Once you get into industry there are a lot of hurdles to get through before you start feeling acclimatized. Academia is an area where you are given (relatively) free reign with your work. You decide on a research direction with your group and then you might get left for weeks or months to work independently and come up with some results. As a PhD student you have a single deadline — that happens to be about three years in the future. And your work has a singular focus that you become a world expert on — to the point where you often understand parts of the area better than your own supervisor.

Moving into industry you suddenly find pretty much everything has changed. You are expected to be a generalist, work on very specific and pre-determined stories, and adhere to a sprint that is a couple of weeks long with tasks that are expected to be completed in a matter of hours (not years). This can be hard to adjust to, and I certainly found myself frustrated at times.

One of the biggest shocks to me was a drop in emphasis on learning. For a PhD your entire focus is learning; for an industry role you need to learn what is required to complete your task, and no more. Sure, learning more isn’t going to harm your work, but it can be hard/impossible to get time set aside purely for improving your skills (especially so in startups). Learning is often just a means to an end.

So if I wasn’t going to get my learning fix from work, where would I get it? Enter the nanodegree…

What’s good about the Udacity Nanodegree?

For the Data Analyst Nanodegree this meant learning about the entire data lifecycle: from data wrangling, to exploratory data analysis, to machine learning, and finally to data visualization.

I had decided to do an online course to enhance my skills, but I took a while to decide between the plethora of MOOCs out there. Unsurprisingly, the reasons for choosing Udacity were also the reasons I enjoyed completing the course.

One of the biggest reasons I selected the nanodegree was because it is project-based. You complete a series of courses (five courses for the Data Analyst nanodegree) and for each you produce a final project demonstrating your knowledge. There are video lectures throughout, but if you already know the topics you don’t need to watch everything before starting to tackle the project (in fact, Udacity encourage you not to waste time revisiting known material).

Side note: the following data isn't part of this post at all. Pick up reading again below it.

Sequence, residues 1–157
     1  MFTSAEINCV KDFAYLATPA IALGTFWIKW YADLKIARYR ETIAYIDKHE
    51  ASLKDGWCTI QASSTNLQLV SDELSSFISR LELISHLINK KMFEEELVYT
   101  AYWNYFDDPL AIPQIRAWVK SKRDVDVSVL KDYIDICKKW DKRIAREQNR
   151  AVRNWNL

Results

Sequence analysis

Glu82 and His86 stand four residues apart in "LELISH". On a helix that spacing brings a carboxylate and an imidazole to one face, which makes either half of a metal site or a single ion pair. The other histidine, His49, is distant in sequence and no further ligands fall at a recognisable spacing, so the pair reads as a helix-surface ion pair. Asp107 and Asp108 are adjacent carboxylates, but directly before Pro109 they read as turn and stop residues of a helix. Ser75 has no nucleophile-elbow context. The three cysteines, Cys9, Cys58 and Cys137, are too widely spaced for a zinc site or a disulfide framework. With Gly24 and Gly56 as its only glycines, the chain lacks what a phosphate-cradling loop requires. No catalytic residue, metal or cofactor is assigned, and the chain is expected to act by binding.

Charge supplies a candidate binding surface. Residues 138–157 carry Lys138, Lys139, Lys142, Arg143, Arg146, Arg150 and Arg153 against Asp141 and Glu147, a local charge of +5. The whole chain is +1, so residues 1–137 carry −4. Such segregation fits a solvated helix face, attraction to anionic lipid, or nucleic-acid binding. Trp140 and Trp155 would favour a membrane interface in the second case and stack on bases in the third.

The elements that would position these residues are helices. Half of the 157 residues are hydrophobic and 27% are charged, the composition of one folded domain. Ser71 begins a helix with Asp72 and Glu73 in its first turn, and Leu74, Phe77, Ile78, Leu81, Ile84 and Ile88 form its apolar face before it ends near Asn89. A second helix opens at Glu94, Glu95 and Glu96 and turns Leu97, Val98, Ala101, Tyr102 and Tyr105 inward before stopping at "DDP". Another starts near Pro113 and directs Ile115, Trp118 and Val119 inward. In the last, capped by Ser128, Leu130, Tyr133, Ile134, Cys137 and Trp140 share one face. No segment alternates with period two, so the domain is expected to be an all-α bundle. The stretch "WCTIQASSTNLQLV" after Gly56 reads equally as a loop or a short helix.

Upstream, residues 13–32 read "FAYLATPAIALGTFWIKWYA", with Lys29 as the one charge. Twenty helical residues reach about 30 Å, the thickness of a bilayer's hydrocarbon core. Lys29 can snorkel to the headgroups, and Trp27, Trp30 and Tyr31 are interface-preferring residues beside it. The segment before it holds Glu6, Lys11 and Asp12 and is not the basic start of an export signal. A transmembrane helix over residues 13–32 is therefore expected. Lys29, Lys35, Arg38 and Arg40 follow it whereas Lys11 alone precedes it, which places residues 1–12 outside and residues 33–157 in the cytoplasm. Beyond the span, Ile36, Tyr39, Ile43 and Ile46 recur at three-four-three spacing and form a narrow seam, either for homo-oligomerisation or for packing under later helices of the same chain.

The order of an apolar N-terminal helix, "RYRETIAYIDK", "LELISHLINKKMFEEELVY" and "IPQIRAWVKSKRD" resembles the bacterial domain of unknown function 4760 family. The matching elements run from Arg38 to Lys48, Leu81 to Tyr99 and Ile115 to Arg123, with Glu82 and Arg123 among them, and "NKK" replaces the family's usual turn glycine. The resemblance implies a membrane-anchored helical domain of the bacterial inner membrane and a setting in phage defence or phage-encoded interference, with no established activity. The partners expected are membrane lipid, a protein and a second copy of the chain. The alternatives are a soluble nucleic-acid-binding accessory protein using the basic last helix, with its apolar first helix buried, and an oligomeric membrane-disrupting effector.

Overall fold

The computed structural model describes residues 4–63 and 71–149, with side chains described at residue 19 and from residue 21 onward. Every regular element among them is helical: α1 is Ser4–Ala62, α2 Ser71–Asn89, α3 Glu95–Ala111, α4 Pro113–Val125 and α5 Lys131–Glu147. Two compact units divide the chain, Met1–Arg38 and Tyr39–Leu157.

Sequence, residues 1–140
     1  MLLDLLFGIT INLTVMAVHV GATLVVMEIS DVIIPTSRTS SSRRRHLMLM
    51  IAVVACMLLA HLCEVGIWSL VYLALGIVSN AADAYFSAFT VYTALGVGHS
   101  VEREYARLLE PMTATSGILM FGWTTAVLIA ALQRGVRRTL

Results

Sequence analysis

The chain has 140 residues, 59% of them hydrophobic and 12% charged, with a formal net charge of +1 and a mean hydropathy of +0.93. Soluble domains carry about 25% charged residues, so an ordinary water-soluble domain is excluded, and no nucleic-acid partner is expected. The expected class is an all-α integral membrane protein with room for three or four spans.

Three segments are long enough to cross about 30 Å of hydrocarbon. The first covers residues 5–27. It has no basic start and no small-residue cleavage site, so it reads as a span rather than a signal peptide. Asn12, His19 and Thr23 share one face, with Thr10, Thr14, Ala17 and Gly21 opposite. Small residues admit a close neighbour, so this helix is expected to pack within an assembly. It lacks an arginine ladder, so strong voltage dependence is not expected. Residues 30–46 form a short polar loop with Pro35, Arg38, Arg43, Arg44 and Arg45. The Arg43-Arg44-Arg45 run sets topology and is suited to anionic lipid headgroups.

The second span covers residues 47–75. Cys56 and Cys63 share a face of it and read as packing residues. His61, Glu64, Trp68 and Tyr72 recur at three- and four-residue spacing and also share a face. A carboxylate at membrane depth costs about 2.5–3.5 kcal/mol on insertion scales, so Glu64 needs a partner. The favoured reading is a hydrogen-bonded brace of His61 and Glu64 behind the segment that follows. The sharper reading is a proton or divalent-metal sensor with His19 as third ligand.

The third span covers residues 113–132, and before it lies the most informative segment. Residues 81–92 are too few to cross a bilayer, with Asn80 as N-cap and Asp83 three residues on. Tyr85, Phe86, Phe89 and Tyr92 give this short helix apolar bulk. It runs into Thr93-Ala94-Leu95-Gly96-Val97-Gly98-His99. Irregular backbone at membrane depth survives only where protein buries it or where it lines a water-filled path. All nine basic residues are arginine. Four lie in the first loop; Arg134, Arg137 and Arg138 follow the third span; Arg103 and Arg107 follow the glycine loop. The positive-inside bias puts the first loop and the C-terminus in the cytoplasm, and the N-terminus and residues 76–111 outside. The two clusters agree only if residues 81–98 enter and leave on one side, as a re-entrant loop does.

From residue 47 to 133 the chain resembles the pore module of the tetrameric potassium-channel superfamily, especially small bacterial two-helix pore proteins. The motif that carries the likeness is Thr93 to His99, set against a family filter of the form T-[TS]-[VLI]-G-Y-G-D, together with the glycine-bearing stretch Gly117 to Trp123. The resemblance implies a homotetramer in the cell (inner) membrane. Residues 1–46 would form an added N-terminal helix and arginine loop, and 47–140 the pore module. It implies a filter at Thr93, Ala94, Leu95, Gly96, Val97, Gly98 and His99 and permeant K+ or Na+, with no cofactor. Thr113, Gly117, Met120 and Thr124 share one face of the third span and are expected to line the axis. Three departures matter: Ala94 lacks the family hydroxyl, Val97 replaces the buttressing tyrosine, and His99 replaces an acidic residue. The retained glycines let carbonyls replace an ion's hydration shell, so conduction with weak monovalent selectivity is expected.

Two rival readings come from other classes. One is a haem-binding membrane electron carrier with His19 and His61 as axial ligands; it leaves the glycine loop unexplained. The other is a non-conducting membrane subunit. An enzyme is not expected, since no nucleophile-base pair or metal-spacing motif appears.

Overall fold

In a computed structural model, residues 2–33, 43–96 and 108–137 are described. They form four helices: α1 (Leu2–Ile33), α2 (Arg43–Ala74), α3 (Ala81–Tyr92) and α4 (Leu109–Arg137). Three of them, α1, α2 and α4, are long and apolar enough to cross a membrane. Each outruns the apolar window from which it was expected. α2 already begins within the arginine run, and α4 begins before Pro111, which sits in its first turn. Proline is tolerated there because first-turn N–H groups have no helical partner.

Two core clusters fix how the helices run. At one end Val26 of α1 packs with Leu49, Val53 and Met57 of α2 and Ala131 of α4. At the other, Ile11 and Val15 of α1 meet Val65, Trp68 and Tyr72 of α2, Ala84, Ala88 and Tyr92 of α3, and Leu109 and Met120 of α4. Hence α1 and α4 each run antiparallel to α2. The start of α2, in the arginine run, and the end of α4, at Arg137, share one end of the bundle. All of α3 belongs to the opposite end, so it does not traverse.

These projects certainly fueled my love of independent learning, and each was thoroughly reviewed by Udacity staff. It is expected that you iterate according to this feedback and improve you project at least once per course. I found all the feedback to be detailed, useful, and it certainly improved my projects.

You also, by design of the syllabi, get a wide breadth of knowledge focused around a particular role. For the Data Analyst Nanodegree this meant learning about the entire data lifecycle: from data wrangling, to exploratory data analysis, to machine learning, and finally to data visualization.

Final Visualization for the Data Visualization course — interactive version can be found on bl.ocks

Outside of the explicit syllabus, I felt that the Udacity experience also helped teach me practical skills by osmosis. You were encourage to use git/github to submit code, had to provide documentation, and adhere to styleguides to ensure code quality.

There was also a focus on employable skills and how to present yourself for the job market. Optional courses helped you improve your resume (all my previous resumes were for academic roles, so this was much needed!), LinkedIn profile, and practice interview questions. You also get a Udacity Profile where you can list your skills, education, work experience, and show off your portfolio of projects (you can check out my profile here).

Two factors that helped, in my opinion, add legitimacy to the nanodegree were the fact that it is substantial and industry endorsed. At nine to twelve months of work, with a recommended workload of ten hours a week, this would be a marathon not a sprint. But I also know that I do not learn well from cramming, and a longer education effort will hopefully pay off with a long retention of knowledge. And having courses that were created with companies such as Google or Facebook (with interspersed interviews with employees about their work) certainly adds respect to the credentials

Finally, there are all the regular advantages to completing a MOOC that have been well-discussed elsewhere: flexibility, convenience, self-pacing, interactivity, etc.

What is the Udacity Nanodegree missing?

…part of the selling point of the Nanodegree is the breadth of topics covered, however there were multiple occasions where I wanted to dive deeper into a topic and wasn’t sure the best approach.

So far I’ve talked a lot about why I think the nanodegree is a great program. But nothing is perfect, and I do think there are areas that the nanodegree is missing or could do with a little more focus on.